Today, New York opens its runways for the first Africa Fashion Week, bringing the work of emerging African designers to the catwalk, and showcasing a growing industry that bridges a gap between a poverty stricken continent and one of the most profitable consumer bases in the world: the woman’s closet.
Designers are already exploiting the beauty of the African continent: the producer of this week’s shows reports photographing African styles in American stores to inspire her Nigerian relatives to seize this movement. Bringing African designers and manufacturers into the fold of this booming industry will open doors to economic prosperity and creative outlets.
Yet Africa Fashion Week symbolizes more than economic opportunity and the globalization of design. Turning attire into a commodity serves as a reminder of the darker side of fashion: the direct impact that the industry has on models, as well as the surrounding culture.
New markets often introduce public health challenges (e.g., the globalization of tobacco and food industries has contributed to the spike in prevalence of non-communicable diseases). Clothing seems innocuous, but when coupled with a powerful industry that drives expectations, women are suddenly faced with new, and not necessarily healthy, norms. Indeed, wherever apparel has become a commodity, fashion has made enviable what was previously undesirable: dangerously (sometimes fatally) thin women. While the causes of eating disorders are many and complex, the image of a woman is undeniably a contributing factor. When emaciated women are displayed as the epitome of beauty, grace, and style one day, and are deceased the next, attractiveness is paired with disease, and health is out of style.
The fashion industry not only shifts perceptions of beauty, but also drives its employees into the ground, literally. Models are forced to choose between unemployment and dangerous standards of appearance: a woman (or girl) must be at least 5’9’’ to sign with most agents, and must fit into a designer’s sample size to walk in a show (generally a 00). If the outfit doesn’t fit, the model is out of work. The President of the Council of Fashion Designers of America (CFDA) concedes that sample sizes have trended downward, leading agencies to hire increasing numbers of adolescent girls. As these girls mature into women, they must either endure starvation (self or drug induced), or quit. Like other ambitious professionals, most shun the latter.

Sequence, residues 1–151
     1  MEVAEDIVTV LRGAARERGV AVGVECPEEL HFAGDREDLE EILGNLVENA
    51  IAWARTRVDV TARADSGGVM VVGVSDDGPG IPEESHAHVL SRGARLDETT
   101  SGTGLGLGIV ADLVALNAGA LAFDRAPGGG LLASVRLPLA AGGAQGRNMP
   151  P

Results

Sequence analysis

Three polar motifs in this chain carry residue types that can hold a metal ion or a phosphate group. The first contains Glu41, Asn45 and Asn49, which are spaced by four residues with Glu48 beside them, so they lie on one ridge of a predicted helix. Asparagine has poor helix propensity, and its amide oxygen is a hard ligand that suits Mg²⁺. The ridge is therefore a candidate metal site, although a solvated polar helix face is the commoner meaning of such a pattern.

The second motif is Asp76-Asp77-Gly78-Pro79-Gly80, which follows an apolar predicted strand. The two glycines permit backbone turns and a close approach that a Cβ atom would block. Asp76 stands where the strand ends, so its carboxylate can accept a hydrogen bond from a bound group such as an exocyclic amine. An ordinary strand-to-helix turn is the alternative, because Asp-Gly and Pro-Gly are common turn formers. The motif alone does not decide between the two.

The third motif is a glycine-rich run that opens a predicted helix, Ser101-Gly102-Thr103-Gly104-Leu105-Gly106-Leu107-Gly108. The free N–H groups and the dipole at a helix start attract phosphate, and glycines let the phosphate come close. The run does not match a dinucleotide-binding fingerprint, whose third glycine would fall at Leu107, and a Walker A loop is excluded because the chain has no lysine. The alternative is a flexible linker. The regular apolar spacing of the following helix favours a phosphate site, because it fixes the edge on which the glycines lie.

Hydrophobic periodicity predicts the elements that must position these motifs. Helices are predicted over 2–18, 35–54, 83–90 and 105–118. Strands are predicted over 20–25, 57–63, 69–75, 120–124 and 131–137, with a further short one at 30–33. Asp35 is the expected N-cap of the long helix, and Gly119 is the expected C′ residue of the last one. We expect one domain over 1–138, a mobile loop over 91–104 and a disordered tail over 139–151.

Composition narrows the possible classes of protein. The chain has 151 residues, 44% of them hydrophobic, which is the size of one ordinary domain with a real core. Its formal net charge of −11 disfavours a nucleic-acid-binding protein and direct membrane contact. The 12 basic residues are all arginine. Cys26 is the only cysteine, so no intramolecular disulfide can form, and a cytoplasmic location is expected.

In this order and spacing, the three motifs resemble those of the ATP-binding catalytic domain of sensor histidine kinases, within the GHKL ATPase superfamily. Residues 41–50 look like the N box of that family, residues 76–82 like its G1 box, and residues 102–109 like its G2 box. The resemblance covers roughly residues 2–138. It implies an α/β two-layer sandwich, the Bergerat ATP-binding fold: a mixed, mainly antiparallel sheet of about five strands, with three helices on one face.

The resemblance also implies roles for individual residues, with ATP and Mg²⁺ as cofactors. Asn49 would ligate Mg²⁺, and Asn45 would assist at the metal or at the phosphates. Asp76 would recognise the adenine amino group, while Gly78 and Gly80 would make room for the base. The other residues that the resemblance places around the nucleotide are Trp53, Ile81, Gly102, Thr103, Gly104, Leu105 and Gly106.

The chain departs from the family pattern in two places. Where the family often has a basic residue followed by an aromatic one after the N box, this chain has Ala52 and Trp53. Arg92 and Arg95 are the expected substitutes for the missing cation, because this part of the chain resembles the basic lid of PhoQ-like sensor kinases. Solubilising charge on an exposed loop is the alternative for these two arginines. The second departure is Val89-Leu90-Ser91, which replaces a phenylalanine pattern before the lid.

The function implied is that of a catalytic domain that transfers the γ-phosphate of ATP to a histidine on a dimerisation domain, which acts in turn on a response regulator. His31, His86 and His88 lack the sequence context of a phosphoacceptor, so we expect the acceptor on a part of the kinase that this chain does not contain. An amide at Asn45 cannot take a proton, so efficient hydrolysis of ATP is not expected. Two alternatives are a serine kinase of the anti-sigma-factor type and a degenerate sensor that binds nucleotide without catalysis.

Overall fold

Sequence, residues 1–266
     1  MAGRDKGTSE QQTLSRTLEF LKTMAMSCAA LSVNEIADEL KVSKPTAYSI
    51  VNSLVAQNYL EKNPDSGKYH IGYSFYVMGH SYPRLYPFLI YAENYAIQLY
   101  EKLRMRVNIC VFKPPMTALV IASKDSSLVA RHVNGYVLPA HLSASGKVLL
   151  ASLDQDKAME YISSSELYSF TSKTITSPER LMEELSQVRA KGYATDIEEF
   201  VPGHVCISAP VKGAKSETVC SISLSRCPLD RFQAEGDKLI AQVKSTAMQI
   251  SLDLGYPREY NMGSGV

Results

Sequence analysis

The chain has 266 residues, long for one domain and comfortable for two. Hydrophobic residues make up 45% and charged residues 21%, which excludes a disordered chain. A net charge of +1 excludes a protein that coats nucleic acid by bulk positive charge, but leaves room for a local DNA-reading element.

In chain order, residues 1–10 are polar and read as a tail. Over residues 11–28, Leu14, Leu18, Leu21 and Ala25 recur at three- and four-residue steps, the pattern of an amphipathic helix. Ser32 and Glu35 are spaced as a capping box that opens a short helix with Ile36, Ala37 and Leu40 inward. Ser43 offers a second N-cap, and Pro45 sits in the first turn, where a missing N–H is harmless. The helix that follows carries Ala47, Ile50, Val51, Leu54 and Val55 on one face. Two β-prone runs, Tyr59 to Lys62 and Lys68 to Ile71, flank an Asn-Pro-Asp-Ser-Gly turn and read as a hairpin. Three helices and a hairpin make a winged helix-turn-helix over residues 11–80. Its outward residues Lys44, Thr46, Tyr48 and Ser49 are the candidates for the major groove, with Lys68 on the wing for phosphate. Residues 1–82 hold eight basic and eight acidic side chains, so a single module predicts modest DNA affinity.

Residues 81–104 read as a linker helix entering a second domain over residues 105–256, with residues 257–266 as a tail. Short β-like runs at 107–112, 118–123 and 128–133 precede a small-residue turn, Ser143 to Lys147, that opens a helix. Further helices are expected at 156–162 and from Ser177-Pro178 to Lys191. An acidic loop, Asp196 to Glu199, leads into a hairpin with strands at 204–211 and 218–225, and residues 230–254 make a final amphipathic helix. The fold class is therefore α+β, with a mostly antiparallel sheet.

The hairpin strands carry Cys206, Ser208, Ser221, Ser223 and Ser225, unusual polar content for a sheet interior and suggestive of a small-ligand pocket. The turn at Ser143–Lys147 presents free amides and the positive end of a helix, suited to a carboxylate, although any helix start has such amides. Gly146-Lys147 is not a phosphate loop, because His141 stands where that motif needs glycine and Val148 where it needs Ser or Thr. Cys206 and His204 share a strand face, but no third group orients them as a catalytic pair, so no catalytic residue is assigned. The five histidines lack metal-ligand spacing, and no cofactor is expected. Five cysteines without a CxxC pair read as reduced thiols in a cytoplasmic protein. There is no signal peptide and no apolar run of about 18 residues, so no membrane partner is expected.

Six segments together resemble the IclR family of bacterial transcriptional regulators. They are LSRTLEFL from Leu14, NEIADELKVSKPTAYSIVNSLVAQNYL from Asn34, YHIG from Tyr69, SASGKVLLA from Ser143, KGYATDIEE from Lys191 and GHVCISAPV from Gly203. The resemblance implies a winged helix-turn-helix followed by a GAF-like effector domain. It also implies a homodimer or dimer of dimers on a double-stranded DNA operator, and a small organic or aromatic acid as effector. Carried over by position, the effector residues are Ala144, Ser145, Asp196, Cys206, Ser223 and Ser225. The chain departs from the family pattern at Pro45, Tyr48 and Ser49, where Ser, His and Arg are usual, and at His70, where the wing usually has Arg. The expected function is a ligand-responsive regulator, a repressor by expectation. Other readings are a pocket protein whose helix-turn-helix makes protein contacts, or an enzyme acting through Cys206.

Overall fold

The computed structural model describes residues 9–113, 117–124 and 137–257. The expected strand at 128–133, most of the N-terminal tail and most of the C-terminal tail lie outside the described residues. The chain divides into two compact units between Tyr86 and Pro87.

Individual models (literally at death’s door) have spoken out against this fatal trend, but designers have adamantly resisted change. Only a few small players have implemented rules to protect models from starvation: women participating in fashion weeks in Madrid must maintain a BMI of at least 18 (about 12 pounds heavier than the average 5’9’’ model), and those participating in Milan’s shows must obtain medical approval. Larger industry associations have resisted pressure to impose health standards, refusing to “interfere in the aesthetic of any designer’s show.” For example, rather than follow the lead of Milan and Madrid, the CFDA has implemented a vague and toothless health initiative, “encouraging” models to seek physical and mental health attention, and hosting discussions on the importance of raising awareness. Concrete actions are conspicuously absent.